WASHINGTON (CN) — The Supreme Court on Thursday ruled a trademark holder does not need to prove willfulness in order to receive a profits award in an infringement suit.
Romag, a Connecticut-based company that produces and sells magnetic snaps used on wallets and handbags, sued fashion designer Fossil after finding some of the company’s products were using counterfeit Romag products.
A jury sided with Romag and awarded the company more than $6.7 million in profits, but a federal judge ruled after a two-day bench trial Romag was not entitled to the money because it had not shown Fossil willfully infringed on the trademark.
The Federal Circuit initially upheld the decision, but the Supreme Court sent the case back after deciding another dispute that raised similar questions. The Federal Circuit sent the case back to the federal judge, who reinstated the jury’s verdict. The Federal Circuit upheld that decision in February 2019.
On Thursday, the nation’s highest court vacated the Federal Circuit and ruled unanimously that plaintiffs in a trademark case do not have to prove that infringement was intentional to win an award of lost profits from the infringing company.
Justice Neil Gorsuch penned the court’s opinion and rejected Fossil’s argument that “stouter restraints on profits awards are needed to deter ‘baseless’ trademark suits.”
“We do not doubt that a trademark defendant’s mental state is a highly important consideration in determining whether an award of profits is appropriate. But acknowledging that much is a far cry from insisting on the inflexible precondition to recovery Fossil advances,” Gorsuch wrote.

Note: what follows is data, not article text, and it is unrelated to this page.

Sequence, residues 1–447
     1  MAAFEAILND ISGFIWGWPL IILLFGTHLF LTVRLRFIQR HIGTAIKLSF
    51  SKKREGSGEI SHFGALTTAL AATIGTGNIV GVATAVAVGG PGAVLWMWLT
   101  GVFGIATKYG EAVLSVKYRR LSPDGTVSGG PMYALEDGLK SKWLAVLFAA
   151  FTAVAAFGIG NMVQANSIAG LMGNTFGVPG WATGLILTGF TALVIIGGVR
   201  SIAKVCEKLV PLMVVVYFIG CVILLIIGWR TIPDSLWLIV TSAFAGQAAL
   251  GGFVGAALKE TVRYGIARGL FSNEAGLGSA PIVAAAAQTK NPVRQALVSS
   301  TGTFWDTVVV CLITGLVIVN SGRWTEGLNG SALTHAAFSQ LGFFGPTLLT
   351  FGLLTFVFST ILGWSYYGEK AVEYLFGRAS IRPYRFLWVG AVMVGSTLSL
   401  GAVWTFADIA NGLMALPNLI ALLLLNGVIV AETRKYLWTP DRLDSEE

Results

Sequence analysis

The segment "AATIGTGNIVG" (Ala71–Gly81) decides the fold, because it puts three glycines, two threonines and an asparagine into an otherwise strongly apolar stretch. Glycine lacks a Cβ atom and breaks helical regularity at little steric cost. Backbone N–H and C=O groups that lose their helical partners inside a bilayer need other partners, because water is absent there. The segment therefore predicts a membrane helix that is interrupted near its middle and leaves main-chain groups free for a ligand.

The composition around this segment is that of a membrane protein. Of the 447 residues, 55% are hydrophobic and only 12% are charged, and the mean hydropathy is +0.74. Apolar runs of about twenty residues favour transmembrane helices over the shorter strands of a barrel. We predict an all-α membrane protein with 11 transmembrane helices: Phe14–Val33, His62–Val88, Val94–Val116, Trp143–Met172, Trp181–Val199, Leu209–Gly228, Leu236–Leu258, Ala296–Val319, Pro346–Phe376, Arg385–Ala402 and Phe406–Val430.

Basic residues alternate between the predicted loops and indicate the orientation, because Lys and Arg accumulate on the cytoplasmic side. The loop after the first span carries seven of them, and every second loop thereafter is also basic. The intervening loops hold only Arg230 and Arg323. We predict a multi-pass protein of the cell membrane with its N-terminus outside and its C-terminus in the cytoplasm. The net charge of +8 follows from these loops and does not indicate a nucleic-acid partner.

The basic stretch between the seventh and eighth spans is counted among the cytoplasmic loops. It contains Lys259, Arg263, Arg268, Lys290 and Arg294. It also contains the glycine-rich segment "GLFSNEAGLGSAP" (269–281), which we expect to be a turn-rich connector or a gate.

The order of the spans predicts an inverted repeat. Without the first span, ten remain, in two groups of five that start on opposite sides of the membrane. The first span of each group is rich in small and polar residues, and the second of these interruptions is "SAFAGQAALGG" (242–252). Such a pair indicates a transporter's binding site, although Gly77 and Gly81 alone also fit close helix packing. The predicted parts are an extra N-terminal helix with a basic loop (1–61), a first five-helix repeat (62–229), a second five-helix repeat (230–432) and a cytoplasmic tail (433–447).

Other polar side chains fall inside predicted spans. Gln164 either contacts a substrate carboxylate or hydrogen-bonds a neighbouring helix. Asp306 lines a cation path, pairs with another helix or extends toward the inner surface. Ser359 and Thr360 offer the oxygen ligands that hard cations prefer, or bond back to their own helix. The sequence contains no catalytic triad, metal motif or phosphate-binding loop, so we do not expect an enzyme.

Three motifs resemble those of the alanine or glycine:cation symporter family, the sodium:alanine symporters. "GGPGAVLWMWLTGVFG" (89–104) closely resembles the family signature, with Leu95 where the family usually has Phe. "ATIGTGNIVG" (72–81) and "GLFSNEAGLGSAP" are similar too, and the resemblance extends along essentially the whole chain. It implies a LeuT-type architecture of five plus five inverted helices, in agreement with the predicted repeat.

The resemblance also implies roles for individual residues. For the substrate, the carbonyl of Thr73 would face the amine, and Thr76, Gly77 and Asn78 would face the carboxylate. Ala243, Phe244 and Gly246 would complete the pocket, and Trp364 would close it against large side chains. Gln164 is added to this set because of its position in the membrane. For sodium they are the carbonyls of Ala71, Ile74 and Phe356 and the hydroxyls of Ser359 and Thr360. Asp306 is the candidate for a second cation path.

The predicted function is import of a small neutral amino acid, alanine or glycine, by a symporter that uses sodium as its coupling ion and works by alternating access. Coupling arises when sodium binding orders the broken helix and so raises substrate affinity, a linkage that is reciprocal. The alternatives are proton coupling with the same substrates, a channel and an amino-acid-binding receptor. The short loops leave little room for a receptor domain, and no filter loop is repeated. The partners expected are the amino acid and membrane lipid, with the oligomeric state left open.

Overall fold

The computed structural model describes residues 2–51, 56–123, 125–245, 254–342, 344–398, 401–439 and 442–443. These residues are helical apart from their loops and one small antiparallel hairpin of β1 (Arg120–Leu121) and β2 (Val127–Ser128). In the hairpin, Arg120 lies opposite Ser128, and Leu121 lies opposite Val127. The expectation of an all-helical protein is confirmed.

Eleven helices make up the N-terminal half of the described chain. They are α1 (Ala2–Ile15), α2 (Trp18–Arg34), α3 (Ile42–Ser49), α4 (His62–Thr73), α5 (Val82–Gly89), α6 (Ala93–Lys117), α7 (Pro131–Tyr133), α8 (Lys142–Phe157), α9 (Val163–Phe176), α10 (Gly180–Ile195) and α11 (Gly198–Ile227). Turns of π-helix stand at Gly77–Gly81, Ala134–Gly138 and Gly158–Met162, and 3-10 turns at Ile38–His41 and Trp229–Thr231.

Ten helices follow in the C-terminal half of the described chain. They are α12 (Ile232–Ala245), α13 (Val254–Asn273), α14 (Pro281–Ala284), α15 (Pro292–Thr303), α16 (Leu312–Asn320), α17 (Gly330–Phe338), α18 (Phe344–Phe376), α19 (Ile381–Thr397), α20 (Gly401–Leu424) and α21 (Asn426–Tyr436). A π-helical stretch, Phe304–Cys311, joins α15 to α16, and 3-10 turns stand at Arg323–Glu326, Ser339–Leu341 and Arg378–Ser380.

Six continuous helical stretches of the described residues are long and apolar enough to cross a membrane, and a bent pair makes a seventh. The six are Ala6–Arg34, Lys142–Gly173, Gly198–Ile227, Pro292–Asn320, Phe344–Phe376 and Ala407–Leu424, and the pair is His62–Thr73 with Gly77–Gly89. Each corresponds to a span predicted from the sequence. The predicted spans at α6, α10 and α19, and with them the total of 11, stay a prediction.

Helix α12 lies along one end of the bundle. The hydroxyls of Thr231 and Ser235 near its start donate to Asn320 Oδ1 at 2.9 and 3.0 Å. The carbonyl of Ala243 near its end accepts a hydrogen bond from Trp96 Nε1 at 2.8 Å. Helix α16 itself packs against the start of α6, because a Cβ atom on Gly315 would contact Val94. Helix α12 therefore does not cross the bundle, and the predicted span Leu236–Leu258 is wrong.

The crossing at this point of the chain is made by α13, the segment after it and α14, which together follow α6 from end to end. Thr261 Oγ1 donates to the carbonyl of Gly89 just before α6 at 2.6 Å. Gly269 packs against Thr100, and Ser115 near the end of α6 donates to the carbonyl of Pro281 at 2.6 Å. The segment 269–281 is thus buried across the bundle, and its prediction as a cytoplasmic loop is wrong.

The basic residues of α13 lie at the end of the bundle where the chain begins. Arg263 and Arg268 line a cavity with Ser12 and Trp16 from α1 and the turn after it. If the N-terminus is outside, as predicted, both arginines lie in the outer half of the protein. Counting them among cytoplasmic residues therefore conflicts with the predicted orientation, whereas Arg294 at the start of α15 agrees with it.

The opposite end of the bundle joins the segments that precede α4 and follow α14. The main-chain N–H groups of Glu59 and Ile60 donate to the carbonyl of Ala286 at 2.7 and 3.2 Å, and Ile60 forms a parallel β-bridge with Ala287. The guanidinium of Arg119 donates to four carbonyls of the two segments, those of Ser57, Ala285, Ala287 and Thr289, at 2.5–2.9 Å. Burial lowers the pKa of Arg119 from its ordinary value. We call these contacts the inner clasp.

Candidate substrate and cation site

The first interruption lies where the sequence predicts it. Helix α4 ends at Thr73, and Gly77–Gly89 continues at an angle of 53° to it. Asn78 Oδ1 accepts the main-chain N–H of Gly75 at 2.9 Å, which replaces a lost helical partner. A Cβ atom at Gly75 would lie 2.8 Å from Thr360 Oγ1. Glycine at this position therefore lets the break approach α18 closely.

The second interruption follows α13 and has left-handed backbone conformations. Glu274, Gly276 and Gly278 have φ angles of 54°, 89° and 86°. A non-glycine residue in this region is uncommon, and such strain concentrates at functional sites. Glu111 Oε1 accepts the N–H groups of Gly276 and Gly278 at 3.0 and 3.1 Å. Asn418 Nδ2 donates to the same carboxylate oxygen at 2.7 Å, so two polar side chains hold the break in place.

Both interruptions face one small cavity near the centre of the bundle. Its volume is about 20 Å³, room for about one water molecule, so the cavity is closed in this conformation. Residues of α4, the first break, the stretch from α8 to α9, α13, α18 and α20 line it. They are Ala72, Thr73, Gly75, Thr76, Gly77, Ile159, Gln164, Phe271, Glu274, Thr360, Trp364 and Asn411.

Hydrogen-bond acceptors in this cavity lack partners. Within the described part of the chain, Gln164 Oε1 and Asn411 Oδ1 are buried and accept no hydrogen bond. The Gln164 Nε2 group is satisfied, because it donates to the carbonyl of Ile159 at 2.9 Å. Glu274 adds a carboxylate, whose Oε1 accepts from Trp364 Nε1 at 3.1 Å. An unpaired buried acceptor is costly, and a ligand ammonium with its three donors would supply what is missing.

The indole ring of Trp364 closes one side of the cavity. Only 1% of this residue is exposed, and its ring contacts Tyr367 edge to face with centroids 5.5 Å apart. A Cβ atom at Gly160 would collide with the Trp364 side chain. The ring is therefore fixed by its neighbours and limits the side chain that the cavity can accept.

The court instead sided with Romag’s position that a looser reading of the law promotes greater respect for trademarks in the modern economy.
“The place for reconciling competing and incommensurable policy goals like these is before policymakers. This Court’s limited role is to read and apply the law those policymakers have ordained, and here our task is clear,” the ruling states.
Justice Samuel Alito wrote a single-paragraph concurrence and was joined by Justices Stephen Breyer and Elena Kagan.
“The relevant authorities, particularly pre-Lanham Act caselaw, show that willfulness is a highly important consideration in awarding profits under §1117(a), but not an absolute precondition,” Alito wrote. “I would so hold and concur on that ground.”
Justice Sonia Sotomayor also concurred separately Thursday, saying courts have defined willfulness to include “a range of culpable mental states—including the equivalent of recklessness, but excluding ‘good faith’ or negligence.”
“A district court’s award of profits for innocent or good-faith trademark infringement would not be consonant with the ‘principles of equity’ referenced in §1117(a) and reflected in the cases the majority cites,” Sotomayor wrote. “Because the majority is agnostic about awarding profits for both ‘willful’ and innocent infringement as those terms have been understood, I concur in the judgment only.”